1916 centenary: Commemoration draws huge crowds to capital as thousands join dignitaries for historic ceremony

Political leaders, Rising relatives, the Defence Forces, and public servants joined together yesterday in an historic 1916 commemoration that repeatedly sought to include all parts of Irish society.

1916 centenary: Commemoration draws huge crowds to capital as thousands join dignitaries for historic ceremony

Hundreds of thousands of people travelled to the capital to witness the two-hour once-in-a-lifetime event as emotionally charged remembrances of what happened outside the GPO a century ago took centre stage.

From just before 11am beside St Stephen’s Green until after 2pm outside Capel Street, the historic 3,722-strong commemoration parade snaked through 4.5km of a closed-off Dublin city centre to honour those who fought and died in 1916.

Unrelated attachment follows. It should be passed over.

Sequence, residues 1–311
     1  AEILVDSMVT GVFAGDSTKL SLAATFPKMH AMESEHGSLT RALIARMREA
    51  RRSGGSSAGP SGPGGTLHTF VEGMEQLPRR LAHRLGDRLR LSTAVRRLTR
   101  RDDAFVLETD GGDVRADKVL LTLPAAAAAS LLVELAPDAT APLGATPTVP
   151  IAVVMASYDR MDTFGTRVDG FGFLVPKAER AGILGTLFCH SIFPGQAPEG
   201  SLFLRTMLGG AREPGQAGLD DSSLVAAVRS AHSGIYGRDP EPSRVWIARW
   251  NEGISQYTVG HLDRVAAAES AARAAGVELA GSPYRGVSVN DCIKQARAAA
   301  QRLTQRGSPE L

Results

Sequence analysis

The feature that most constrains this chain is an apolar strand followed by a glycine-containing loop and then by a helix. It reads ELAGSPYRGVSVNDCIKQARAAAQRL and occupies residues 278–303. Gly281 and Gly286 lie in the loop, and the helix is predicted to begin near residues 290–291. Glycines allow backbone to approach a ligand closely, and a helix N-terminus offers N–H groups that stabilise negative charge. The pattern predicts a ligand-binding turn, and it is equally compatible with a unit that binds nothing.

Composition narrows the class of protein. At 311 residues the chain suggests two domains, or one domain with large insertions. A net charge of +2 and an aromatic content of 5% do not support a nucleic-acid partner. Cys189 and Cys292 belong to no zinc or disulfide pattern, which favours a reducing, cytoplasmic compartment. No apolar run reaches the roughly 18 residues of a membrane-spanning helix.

However, the event’s organisers and those who spoke also repeatedly emphasised how the event was marking the work of those who have followed them in building a better Ireland in one of the most inclusive versions of the event’s history.

The commemorations outside the GPO began in earnest at 11.40am when defence minister Simon Coveney, caretaker Taoiseach Enda Kenny, Tánaiste Joan Burton and President Michael D Higgins arrived separately to inspect the guard of honour.

As hundreds of 1916 relatives; ex-taoisigh Bertie Ahern, Brian Cowen and Liam Cosgrave; ex-presidents Mary Robinson and Mary McAleese; British ambassador Dominick Chilcott; cabinet ministers; Fianna Fáil leader Micheál Martin, and Sinn Féin’s Mary Lou McDonald; other politicians; and garda commissioner Nóirín O’Sullivan looked on, the Tricolour flying over the GPO was lowered to half mast at exactly 12pm.

Addressing the watching crowd of delegates and members of the public Seamus Madigan, head chaplain of the defence forces, read out a specially worded prayer to those who died in 1916 who “sought to create a more inclusive and just society”.

Asking that “you look kindly on the people of Ireland”, he said now is the time for “a new song” for the country of “compassion, social justice and respect”. He said “another day begins” for those seeking to move away from “our troubled history”.